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Wednesday, 12 June, 2002, 09:49 GMT 10:49 UK
Finals the poorer for Argentina exit
Marcelo Bielsa attempts to rally his troops against Sweden
Bielsa attempts to rally his troops against Sweden
BBC Sport Online's Tim Vickery

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Argentina crash out of the World Cup after doing a fair impression of the Gang That Couldn't Shoot Straight.

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Two goals is a poor return for a side committed to attack which had the lion's share of possession in all its games
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They managed just two goals in three games, one from a corner, the other resulting from a dubious penalty.

It is a poor return from a side committed to attack, a team which had the lion's share of possession in all its games.

There were near misses and great saves aplenty. But the hard truth is that Argentina were not able to create enough clear chances against sides whose first priority was to defend.

It also seems clear that what worked in qualifying did not have the same success in the World Cup.

Coach Marcelo Bielsa brought to the team a European dynamism and a European emphasis on crosses.

It steamrolled the opposition in South America, who were uncomfortable against this style of play. But when it mattered, when they met European opposition, they were unable to achieve the same degree of penetration.

Batistuta comforts Crespo on the final whistle
Batistuta comforts Crespo on the final whistle

Bielsa's excess of nerves may also be at fault.

He has been jumpy all through the tournament.

He brought in Claudio Lopez for the Nigeria game and then took him off at the interval, removed Veron at half-time against England, and then with the changes made for the decisive clash with Sweden.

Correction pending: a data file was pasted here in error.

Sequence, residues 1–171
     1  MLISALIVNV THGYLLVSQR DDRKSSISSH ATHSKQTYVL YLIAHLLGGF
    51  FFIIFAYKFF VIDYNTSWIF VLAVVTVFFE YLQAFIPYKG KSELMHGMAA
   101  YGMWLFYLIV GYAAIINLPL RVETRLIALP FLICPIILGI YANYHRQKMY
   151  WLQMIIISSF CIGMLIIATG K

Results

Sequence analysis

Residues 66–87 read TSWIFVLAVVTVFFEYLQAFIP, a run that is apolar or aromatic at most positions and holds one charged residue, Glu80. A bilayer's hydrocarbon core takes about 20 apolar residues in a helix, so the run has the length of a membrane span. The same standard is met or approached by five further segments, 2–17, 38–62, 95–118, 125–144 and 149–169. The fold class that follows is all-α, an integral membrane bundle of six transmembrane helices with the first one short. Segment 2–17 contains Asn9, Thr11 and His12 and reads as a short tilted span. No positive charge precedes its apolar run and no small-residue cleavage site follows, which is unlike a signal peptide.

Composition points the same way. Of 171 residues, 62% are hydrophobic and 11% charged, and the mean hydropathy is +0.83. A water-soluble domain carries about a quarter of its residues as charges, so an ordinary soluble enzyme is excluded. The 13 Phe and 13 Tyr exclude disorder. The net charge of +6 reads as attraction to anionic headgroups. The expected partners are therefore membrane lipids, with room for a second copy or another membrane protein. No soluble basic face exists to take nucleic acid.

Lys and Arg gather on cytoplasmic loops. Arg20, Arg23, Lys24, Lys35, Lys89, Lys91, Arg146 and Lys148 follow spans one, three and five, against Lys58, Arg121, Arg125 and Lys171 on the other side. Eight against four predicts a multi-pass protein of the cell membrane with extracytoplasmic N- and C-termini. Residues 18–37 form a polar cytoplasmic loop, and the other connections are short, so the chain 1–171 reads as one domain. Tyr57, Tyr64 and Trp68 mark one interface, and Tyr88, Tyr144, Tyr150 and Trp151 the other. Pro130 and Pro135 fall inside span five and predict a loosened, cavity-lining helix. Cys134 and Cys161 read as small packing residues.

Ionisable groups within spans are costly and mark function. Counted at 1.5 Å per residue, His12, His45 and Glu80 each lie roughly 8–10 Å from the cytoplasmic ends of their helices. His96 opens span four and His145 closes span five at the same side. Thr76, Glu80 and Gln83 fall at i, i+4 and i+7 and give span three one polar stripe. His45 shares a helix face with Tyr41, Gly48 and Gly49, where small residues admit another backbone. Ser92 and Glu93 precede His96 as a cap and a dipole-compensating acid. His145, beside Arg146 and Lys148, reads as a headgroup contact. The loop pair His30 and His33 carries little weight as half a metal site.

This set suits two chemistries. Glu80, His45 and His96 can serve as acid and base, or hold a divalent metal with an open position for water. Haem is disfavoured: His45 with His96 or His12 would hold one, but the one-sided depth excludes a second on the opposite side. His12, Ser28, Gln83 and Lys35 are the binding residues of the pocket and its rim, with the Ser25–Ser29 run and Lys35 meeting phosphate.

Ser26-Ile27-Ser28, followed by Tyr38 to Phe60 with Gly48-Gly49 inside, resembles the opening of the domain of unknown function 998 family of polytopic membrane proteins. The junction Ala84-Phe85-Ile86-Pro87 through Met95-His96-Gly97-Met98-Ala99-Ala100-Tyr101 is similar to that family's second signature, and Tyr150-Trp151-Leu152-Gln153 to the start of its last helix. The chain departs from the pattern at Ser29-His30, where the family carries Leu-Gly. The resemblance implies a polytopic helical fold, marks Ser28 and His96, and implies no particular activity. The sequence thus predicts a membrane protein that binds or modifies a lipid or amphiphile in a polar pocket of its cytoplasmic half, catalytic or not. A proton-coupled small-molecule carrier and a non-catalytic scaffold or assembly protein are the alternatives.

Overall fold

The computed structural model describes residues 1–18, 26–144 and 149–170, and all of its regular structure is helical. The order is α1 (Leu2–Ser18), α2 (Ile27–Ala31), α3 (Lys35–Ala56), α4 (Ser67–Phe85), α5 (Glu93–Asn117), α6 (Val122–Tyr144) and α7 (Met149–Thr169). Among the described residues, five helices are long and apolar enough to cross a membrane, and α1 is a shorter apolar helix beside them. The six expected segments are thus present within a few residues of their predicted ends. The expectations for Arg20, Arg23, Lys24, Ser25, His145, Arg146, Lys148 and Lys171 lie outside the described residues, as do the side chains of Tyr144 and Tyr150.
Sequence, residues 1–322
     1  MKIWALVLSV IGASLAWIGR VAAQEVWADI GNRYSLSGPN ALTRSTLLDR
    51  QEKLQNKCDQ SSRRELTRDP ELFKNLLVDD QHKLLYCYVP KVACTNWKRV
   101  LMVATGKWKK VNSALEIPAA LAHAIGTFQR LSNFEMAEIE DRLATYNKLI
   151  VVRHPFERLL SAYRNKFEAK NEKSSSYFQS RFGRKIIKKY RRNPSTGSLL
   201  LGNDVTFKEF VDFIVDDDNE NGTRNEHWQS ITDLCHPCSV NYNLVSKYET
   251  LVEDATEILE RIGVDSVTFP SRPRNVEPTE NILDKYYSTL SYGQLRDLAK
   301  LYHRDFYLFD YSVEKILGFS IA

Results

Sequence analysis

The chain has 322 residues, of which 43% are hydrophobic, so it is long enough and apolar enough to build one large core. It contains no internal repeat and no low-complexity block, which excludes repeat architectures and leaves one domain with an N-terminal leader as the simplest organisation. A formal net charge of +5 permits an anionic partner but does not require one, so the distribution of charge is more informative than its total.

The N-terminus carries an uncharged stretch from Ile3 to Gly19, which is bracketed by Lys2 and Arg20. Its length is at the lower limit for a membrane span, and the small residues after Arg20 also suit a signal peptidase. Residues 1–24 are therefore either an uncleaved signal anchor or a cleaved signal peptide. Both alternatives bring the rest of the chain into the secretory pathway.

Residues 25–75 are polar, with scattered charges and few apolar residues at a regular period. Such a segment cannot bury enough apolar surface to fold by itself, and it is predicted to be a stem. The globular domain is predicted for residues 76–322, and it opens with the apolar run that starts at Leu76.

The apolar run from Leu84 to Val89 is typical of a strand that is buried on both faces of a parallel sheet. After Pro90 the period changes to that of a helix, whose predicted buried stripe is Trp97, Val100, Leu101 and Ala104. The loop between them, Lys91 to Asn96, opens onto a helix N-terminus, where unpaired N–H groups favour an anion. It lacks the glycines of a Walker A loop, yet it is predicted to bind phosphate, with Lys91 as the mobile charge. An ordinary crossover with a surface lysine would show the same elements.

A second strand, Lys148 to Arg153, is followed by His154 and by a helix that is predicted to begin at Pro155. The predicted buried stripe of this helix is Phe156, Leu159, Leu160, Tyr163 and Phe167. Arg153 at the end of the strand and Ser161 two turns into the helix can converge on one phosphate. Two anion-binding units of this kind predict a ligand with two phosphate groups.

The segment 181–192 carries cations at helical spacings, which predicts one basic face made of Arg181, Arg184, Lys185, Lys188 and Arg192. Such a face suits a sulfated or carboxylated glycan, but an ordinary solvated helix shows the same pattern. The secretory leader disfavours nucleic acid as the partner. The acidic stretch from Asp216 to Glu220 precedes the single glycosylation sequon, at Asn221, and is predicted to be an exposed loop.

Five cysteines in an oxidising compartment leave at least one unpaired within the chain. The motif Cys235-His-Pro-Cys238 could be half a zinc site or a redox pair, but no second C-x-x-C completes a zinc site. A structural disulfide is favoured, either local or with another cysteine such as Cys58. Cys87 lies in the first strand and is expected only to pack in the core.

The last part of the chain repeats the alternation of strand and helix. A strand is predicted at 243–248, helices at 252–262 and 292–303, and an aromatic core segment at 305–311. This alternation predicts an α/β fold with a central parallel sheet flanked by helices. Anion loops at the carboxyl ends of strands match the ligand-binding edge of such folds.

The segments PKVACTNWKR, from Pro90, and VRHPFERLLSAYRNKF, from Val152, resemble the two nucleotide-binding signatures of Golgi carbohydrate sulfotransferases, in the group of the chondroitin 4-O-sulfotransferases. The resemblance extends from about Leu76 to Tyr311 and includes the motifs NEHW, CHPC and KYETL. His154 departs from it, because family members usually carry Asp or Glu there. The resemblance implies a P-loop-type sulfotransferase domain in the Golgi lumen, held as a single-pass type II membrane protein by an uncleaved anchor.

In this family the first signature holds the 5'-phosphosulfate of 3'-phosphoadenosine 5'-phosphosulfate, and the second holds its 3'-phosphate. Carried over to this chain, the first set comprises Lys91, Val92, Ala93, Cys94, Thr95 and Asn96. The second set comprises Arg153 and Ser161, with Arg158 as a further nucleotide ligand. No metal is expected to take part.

Everything is easy in hindsight, but perhaps he would have been better advised to stick with the XI who have done so well for him over the past two years.

It might have given the team a serenity they lacked at key moments.

Argentina pummelled Sweden for the first 45 minutes. The interval message should surely have been that, if they kept playing their football as they had been doing, the goals would come naturally.

Initiative

Instead they were visibly tense when the second half got underway, and were a goal down before they began to get back into the first-half rhythm.

But it would be unfair to be too harsh on Bielsa, because whatever nationalists in England and Brazil may think, both the World Cup and football in general are poorer for Argentina's exit.

Bielsa's team had one extremely rare and precious characteristic: wherever the game, whoever the opponents and whatever the circumstances, they were happy to accept the risks of taking the initiative.

Away to Brazil, at altitude against Bolivia, in the World Cup finals, it was all the same to them.

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The World Cup loses a side which would surely have been involved in some sensational games in the knock-out stages
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They never dragged everyone behind the ball, waited for the opposition to make a mistake and then struck on the break.

Their philosophy was always to force the game, to keep their opponents under pressure and stamp their authority on proceedings.

There was never a stalemate while they were on the pitch. So the World Cup loses a side which would surely have been involved in some sensational games in the knock-out stages.

Football also learns a dangerous lesson from their failure. It strengthens the hand of the cautious coach, the "play on the break and hope we nick one off a set piece" brigade.

One fast striker to win free kicks, 10 giants to get behind the ball - not a very imaginative recipe.

Bielsa's bold system was excellent at turning clear superiority into goals.

But when that superiority was not so clear, when the opposition could defend against crosses and break at speed, then it left the side exposed.

Chasing a goal is far more difficult and dangerous than defending a lead, or a draw. Bielsa's experiment was, in the final analysis, a failure. But at least it was a glorious one.


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SWEDEN V ARGENTINA
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 SQUAD PROFILES
GROUP F
  P GD PTS
SWEDEN 3 +1 5
ENGLAND 3 +1 5
ARGENTINA 3 0 4
NIGERIA 3 -2 1




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